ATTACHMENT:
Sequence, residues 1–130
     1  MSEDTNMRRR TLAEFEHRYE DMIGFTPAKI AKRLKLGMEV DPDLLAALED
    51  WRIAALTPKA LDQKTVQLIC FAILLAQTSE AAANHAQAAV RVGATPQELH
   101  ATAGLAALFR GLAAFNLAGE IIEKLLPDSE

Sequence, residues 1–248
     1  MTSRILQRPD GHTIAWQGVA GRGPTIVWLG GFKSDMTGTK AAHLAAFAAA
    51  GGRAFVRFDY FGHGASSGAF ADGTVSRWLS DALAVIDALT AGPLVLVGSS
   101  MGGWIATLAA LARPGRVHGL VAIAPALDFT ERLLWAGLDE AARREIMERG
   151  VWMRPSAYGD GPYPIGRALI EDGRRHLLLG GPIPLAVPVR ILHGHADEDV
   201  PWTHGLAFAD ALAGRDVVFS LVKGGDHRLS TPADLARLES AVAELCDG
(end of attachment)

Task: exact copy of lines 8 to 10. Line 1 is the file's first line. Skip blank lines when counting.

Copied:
   101  MGGWIATLAA LARPGRVHGL VAIAPALDFT ERLLWAGLDE AARREIMERG
   151  VWMRPSAYGD GPYPIGRALI EDGRRHLLLG GPIPLAVPVR ILHGHADEDV
   201  PWTHGLAFAD ALAGRDVVFS LVKGGDHRLS TPADLARLES AVAELCDG